Tying the Concepts Together
A directional antenna’s signal would look like this, versus the lightbulb example above.
So just as our flashlight takes a small amount of radiated light and sends it much further than a simple lightbulb in the center of a room would, so does our directional antenna. A lot of folks frequently ask “how much range will this thing get?” when asking about individual radios, and with line of sight gear such as the basic Baofeng, you’re going to get a heck of a lot more in one direction than you would with omni-directional antennas, while greatly improving your own communications security. If you can master the basics while thinking a little bit outside the box, you’ll be surprised at what can be done.
NC Scout at American Partisan has a post on Surveillance Detection Routes, with his comments on a video from The Kilo 23 Group. Kilo 23 interviews people from the intelligence community, the defense industry and also does gear reviews and some espionage related tradecraft. NC Scout is a former infantry scout in a US Army reconnaissance unit.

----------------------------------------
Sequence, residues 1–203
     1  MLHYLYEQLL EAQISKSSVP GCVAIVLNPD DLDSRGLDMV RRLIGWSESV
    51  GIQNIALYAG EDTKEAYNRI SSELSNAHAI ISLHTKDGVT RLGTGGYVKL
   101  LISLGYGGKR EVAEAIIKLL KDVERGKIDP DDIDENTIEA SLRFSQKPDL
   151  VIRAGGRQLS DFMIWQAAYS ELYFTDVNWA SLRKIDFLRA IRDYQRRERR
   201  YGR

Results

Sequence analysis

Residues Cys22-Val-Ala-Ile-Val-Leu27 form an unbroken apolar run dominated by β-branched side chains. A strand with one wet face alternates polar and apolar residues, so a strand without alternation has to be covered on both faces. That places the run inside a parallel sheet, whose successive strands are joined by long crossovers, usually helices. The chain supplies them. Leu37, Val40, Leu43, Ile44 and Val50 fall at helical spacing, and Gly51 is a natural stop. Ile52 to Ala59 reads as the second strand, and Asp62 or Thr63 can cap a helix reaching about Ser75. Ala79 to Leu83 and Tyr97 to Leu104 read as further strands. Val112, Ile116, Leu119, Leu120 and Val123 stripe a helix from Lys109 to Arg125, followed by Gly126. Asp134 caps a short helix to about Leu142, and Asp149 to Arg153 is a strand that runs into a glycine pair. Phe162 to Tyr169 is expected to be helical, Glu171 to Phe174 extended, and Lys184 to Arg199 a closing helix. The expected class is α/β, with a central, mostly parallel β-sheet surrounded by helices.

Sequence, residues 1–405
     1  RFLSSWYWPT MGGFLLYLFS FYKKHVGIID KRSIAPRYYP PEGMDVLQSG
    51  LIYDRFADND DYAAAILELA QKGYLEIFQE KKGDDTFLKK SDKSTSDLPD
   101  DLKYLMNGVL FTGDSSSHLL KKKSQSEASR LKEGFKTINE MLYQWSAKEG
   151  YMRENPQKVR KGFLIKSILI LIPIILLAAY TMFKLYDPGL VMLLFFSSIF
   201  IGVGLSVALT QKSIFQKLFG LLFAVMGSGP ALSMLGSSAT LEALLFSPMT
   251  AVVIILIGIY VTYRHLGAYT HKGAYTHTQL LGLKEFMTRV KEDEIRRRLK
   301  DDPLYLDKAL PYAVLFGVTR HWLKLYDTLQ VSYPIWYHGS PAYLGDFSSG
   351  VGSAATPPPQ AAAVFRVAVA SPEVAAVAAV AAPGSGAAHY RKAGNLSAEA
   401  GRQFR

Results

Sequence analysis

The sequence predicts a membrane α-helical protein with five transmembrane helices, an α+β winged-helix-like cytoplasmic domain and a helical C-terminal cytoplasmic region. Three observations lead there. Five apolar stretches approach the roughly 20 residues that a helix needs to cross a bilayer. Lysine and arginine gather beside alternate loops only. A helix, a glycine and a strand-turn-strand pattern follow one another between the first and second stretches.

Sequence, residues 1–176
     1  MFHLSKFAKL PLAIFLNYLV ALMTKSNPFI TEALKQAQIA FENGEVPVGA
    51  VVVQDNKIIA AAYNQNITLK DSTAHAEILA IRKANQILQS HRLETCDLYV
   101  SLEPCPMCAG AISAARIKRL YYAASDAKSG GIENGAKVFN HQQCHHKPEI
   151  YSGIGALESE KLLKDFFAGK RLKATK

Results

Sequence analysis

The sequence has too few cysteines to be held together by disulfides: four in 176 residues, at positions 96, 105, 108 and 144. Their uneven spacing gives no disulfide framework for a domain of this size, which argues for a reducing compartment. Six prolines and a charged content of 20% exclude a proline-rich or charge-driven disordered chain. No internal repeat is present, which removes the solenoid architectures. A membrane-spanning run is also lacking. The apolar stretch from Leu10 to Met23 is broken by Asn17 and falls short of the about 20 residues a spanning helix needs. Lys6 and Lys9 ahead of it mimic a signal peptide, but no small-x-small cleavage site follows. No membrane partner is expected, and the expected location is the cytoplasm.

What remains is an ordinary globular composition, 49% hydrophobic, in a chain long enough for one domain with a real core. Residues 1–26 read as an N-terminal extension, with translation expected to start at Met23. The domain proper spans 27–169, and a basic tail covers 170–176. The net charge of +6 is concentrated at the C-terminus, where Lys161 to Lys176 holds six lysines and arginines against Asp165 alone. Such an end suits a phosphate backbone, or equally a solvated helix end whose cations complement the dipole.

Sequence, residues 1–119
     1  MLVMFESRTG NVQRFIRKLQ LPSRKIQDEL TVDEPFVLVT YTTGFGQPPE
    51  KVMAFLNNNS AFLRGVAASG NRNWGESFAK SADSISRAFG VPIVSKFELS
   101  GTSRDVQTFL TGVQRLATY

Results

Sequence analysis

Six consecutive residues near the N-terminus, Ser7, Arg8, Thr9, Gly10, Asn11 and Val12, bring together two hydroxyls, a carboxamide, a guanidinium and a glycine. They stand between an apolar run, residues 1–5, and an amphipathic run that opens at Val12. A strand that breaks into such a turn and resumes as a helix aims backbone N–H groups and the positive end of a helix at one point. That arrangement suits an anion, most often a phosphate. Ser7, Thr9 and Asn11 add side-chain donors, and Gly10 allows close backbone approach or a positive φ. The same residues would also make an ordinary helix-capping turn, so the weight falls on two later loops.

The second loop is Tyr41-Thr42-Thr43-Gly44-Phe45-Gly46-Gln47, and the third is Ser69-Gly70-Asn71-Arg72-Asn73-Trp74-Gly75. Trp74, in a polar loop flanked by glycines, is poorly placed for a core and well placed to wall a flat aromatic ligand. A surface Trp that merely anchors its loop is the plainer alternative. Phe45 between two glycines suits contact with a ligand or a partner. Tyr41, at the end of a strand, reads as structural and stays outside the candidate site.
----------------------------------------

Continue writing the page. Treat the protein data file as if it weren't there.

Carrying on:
Surveillance Detection Routes (the OTHER SDR) is a critical personal protection skill and a good practice to make a habit of- whether you’re politically active, involved in a covert group or just an average joe looking to enhance your own security, its a good idea to take some notes. A few of my own rules:
Never, ever be in a hurry. When we’re in a hurry, we turn the blinders on to the rest of the world and we make mistakes.
Always be early and back into parking spots. Observation of an area is critical and often enough this begins in the parking lot of a place. Backing in allows us to do two things: observe and make a hasty exit.
Make random stops in open, highly trafficked places while traveling and take mental notes of who’s around. Who belongs and who doesn’t?